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Old 04-01-2013, 06:23 AM
Indydave Indydave is offline
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Location: Noblesville, IN
Join Date: Feb 2011
Posts: 4
Mein Auto: 2012 BMW X3 35i
Hardwiring a Radar Detector: What could possibly go wrong?

I would have preferred that my first post on this forum not be embarrassing, but hopefully someone can learn from my mistakes.

A little background: I was an ASE Master Technician and full-time Mazda technician at a dealership. This was only a little after dinosaurs roamed the earth (1986), but I'm not an amateur with DIY work and have installed dozens of aftermarket stereos and other electronic add-ons over the years. I have hard-wired my Valentine One for several cars including a 2007 X5 and an 2008 M3. I had no fear whatsoever of pulling down the overhead console in my 2012 X3 and finding the appropriate wiring.

So last Saturday, I decided to take on this project, expecting it to take no more than an hour.

I had read the threads posted here about this project, so I was aware that the console would be difficult to remove. I actually didn't have any problem getting the console pulled the first 1.5" away from the headliner, but this wasn't quite enough room to access the metal clips that actually hold it in. While trying to get just a little more clearance so I could release a side clip with a screwdriver, I applied a too much pressure and pulled apart some of the "innards" of the console. When this happened, part of the courtesy light switch dropped and became lodged between the two sections deep inside the console. There was absolutely no way to undo this damage with the console in the car, so I released the super-strong clips, dropped the console, unplugged all the connectors and removed it from the car.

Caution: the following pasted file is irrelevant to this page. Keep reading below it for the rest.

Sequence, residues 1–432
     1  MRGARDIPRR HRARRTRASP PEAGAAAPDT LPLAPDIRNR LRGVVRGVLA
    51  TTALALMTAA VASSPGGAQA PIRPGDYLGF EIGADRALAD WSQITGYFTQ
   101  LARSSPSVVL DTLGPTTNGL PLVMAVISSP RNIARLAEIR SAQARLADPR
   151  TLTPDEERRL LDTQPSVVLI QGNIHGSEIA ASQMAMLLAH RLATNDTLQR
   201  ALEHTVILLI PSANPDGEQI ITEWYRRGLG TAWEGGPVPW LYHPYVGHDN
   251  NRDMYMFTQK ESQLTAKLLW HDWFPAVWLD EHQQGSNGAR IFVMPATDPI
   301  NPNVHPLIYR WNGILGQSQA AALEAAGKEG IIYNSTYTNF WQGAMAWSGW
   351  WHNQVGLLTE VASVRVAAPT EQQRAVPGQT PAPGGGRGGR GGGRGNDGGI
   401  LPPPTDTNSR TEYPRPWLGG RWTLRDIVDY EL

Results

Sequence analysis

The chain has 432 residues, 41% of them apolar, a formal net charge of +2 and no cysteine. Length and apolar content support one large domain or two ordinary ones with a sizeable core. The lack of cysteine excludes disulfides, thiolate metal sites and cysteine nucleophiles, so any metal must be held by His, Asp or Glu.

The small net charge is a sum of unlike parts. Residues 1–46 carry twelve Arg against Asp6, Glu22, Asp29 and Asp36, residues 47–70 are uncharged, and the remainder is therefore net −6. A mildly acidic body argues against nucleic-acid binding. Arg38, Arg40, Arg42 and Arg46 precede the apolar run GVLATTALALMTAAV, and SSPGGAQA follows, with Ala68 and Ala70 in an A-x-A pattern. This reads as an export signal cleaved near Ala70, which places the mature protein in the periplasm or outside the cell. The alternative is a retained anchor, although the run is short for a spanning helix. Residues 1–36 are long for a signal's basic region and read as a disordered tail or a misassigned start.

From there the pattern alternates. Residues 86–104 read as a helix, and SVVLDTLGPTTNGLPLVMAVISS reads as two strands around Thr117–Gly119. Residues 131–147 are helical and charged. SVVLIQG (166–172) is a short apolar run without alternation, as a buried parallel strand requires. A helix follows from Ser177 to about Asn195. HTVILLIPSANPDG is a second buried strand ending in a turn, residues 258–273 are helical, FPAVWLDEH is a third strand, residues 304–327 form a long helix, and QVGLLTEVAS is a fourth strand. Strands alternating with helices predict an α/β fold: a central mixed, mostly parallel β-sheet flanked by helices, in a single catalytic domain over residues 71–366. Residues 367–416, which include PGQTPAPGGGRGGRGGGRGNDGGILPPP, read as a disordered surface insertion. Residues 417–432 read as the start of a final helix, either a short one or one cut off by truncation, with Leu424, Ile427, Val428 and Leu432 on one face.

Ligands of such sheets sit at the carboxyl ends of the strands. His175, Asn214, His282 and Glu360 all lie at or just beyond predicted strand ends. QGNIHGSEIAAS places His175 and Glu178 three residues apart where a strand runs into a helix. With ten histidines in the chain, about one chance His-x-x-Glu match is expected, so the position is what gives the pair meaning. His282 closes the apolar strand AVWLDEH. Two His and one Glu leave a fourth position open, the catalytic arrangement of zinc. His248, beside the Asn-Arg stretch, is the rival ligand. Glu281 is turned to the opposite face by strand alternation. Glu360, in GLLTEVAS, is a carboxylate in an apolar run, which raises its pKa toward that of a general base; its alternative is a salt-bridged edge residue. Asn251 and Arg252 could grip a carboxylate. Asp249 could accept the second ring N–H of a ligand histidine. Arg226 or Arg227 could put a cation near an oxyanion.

With the console removed, I switched on the car and found a 12V wire and a ground wire that would suffice for the V1 wiring.

I took the console in the house and got it under a magnifying lamp and tried to figure out what do do with it. I determined there was no way to fix it without disassembling it, so I took it apart. This component contains the sunroof switch, three light switches, three light bulbs, motion sensors for the Anti-theft alarm, the switch for calling BMW Assist and the passenger airbag light. The assembly consists of several pieces and it is designed to be assembled fairly easily but not to be disassembled at all. I managed to get it apart (breaking a couple of clips in the process), but without causing any damage to the switches or the circuit board (or so I thought).

I reconnected it, stuck it back in the roof, breathed a sigh of relief and started the car. And immediately discovered three problems:

1) The passenger restraint warning message appeared on the display along with the airbag lights in the dash.
2) The courtesy lamps didn't work
3) The sunroof didn't work.

I removed the console again, rechecked all the connections and removed the wire taps I'd put in for the V1. I reassembled it and got exactly the same result.

I knew I'd have to go to the BMW dealer to get the airbag light reset. I decided to go with full disclosure about what had happened, thinking that they'd cut me some slack (having bought 4 vehicles including 3 BMWs there in the past 3 years).

Instead, they reset the airbag light but found there was still a fault with the Control Module in the console. After some additional troubleshooting, they determined that the console would have to be replaced. Bottom line: $500 in parts and $600 in labor, none of it covered by warranty. While I didn't expect them to file a fraudulent warranty claim and let me off the hook altogether, I also didn't expect to be charged full retail for parts and labor. I griped about it and they took off a whole 10% from the bill.

So my V1 install (which still isn't done) cost me nearly $1,000.

My advice if you're contemplating this:
1) Don't use the console. You're better off routing wires to the fuse box.

2) If you do decide the use wires above the console, do NOT disconnect the console from the wiring and turn on the car. I'm certain that this is what caused the airbag warning.

I did insist that they return the old console. I wanted it A) as a reminder that I don't know how to work on cars anymore and B) To make sure my dealer couldn't submit the part as a warranty claim.

After I got it home, I took it apart and reassembled it. I've provided instructions and photographs showing how it comes apart and goes together in the PDF document linked below. I hope you never have to use it.

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